UNC Chapel Hill is one of 14 campuses who took the Statewide Challenge to End Hunger. Below are highlights from these ongoing programs and partnerships submitted by Brittany Corn, 2011-12 NC Campus Compact AmeriCorps VISTA at UNC.
Carolina Campus Community Garden (CCCG)
The CCCG grows vegetables and fruit so that all employees have access to fresh sustainable grown produce through the efforts of students, faculty, staff, and local residents. Currently the harvested produce goes to UNC housekeepers working all three shifts. We recently began to offer cooking demonstrations at our produce distributions. A local chef cooks up a dish using garden produce that is easy to prepare, nutritious, and affordable.
Founded in 2007, TABLE, Inc. is Carrboro-based, non-profit hunger relief organization that focuses exclusively on local childhood hunger. Every week, TABLE puts healthy food, including fresh produce, directly into the hands of over 130 Chapel Hill & Carrboro elementary school children who would otherwise go hungry on weekends and other times of the year when free school meals are unavailable. TABLE brings together UNC students and community members to get food to local hungry youngsters and to raise awareness of local childhood hunger.
TABLE offers 4 hunger relief programs for local children:
• The Weekend Meal Backpack Program fills children’s bookbags/backpacks with healthy food for the weekends when free public school breakfasts and lunches are not available.
• TABLE To Go gets nutritious food to hungry children during school vacations and summer months.
• Farm to TABLE provides hungry youngsters with both fresh produce and fresh food snacks through partnerships with other non-profits and local businesses.
• TABLE for Two sends college student mentors to encourage children in low income communities to eat fresh
foods and make healthy eating choices.
HOPE Gardens is making many efforts to address food insecurity. In addition to having established connections with local food pantries and like-minded businesses such as Vimala’s Curryblossom Cafe, we have a sponsored plot program through which low-income individuals or families can produce vegetables in one of our annually-leased plots without paying. The sponsored gardener can then benefit from growing and eating fresh local produce without cost, and from the community support system incorporated in the Gardens’ infrastructure.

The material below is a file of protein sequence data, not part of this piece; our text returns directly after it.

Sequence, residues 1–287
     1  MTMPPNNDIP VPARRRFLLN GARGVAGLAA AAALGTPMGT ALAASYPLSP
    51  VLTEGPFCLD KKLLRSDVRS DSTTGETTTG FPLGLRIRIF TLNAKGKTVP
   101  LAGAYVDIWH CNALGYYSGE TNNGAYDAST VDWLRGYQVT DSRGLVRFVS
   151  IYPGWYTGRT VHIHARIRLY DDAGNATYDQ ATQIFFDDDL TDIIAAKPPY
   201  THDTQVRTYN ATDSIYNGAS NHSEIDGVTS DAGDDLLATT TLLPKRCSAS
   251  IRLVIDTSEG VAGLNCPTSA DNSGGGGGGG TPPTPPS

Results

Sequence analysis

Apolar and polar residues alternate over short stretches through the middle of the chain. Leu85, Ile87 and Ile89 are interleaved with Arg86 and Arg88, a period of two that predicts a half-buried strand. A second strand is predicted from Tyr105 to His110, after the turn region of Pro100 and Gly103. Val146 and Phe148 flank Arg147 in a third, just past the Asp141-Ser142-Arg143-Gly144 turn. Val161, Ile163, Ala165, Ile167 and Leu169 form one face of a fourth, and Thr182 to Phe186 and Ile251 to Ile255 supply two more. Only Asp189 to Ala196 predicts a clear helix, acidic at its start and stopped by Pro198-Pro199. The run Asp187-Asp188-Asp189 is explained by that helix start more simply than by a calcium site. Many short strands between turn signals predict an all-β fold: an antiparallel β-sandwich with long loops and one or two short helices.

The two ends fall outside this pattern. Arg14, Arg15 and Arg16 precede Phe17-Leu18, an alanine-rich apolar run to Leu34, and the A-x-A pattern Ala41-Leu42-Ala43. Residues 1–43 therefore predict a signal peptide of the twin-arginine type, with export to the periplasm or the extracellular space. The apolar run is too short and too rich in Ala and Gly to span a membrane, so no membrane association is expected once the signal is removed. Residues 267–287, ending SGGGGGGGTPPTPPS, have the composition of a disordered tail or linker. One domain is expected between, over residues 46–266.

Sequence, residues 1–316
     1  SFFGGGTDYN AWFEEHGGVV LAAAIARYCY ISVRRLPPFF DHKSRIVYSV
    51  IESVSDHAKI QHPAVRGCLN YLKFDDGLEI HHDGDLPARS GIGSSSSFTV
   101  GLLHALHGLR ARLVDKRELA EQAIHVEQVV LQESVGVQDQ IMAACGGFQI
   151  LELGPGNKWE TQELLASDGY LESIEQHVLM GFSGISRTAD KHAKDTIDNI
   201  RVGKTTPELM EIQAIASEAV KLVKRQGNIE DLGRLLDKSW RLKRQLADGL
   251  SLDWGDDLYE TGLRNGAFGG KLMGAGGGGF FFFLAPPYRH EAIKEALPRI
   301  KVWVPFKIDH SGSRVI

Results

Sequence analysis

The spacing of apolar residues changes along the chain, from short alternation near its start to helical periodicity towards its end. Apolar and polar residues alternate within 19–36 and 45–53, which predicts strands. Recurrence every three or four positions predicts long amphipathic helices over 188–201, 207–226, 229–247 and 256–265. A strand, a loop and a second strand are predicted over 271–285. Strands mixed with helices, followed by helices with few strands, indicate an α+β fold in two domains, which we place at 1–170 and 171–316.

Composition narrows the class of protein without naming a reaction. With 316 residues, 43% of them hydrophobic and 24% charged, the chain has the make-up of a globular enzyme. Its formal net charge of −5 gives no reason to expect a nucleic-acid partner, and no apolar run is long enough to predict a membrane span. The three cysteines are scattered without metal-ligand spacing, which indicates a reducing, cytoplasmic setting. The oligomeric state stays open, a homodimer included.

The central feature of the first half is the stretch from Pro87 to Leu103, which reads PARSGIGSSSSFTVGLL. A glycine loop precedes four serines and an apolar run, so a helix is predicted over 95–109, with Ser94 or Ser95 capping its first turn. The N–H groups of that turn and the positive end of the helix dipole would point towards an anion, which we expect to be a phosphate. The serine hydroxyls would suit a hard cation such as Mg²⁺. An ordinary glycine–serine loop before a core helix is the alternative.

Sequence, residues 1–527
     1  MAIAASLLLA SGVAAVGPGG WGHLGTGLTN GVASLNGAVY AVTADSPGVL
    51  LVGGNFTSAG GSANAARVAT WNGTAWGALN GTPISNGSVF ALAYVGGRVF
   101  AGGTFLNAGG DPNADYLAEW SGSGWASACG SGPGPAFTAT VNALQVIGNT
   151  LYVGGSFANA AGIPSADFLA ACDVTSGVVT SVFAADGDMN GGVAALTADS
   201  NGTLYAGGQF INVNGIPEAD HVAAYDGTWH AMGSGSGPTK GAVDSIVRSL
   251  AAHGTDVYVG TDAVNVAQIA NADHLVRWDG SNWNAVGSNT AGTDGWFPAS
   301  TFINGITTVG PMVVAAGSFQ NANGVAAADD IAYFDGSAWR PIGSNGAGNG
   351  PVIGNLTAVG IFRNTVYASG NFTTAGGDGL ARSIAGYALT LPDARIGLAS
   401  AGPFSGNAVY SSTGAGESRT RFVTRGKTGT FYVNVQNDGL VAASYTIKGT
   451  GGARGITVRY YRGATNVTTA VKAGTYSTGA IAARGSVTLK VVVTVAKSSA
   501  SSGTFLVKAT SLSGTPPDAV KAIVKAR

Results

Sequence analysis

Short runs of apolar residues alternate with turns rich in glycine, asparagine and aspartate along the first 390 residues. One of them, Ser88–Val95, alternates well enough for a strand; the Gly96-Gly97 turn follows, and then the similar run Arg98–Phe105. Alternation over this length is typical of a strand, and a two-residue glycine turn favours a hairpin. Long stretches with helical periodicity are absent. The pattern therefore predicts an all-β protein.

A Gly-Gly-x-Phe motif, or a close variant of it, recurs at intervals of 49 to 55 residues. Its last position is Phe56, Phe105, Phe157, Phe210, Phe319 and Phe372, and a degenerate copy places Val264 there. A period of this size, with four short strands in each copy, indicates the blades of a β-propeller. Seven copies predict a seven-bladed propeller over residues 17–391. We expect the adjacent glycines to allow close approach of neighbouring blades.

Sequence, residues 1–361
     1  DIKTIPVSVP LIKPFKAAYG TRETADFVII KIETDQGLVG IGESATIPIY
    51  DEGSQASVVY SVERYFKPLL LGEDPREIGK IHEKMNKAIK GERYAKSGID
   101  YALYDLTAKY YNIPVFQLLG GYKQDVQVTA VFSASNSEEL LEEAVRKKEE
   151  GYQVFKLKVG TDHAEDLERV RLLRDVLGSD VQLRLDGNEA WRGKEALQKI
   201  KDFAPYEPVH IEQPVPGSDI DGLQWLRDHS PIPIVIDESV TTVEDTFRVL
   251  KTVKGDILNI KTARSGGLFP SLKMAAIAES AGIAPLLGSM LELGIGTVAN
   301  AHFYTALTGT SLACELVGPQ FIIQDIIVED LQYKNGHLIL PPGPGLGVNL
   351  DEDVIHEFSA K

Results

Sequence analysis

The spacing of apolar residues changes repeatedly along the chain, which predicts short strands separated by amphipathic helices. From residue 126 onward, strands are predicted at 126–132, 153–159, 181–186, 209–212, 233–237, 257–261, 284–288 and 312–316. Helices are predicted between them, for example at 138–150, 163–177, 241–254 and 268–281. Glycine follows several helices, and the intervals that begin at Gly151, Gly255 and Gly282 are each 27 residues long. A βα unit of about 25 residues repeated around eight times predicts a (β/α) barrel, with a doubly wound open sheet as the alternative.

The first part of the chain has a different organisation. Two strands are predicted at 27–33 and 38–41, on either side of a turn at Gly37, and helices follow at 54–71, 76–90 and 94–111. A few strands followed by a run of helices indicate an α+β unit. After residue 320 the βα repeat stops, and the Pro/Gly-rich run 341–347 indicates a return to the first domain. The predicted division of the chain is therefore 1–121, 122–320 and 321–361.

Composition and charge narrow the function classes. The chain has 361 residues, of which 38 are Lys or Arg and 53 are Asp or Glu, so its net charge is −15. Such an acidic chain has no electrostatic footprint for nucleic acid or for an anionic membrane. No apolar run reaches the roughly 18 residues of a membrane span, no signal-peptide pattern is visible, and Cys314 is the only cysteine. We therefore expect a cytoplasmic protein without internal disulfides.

In addition, we host on-site workshops that focus on particular aspects of gardening in an effort to increase access to knowledge about sustainable agriculture, growing techniques, and other relevant topics. We also have a new project called HOPE Cooks,
through which we partner with the residents of HomeStart Women and Children’s shelter in order to promote good nutrition and healthy lifestyle choices. Through a series of workshops on gardening, cooking, and eating, we stimulate discussion and healthy living.
Finally, we are in the process of piloting a food access program that sells our fresh, locally-grown, sustainable produce at reduced prices to the under-served communities of Chapel Hill and Carrboro. The target population for this service is residents in low-income housing, with an initial focus on individual with whom we have a relationship through the Community Empowerment Fund, a partner organization.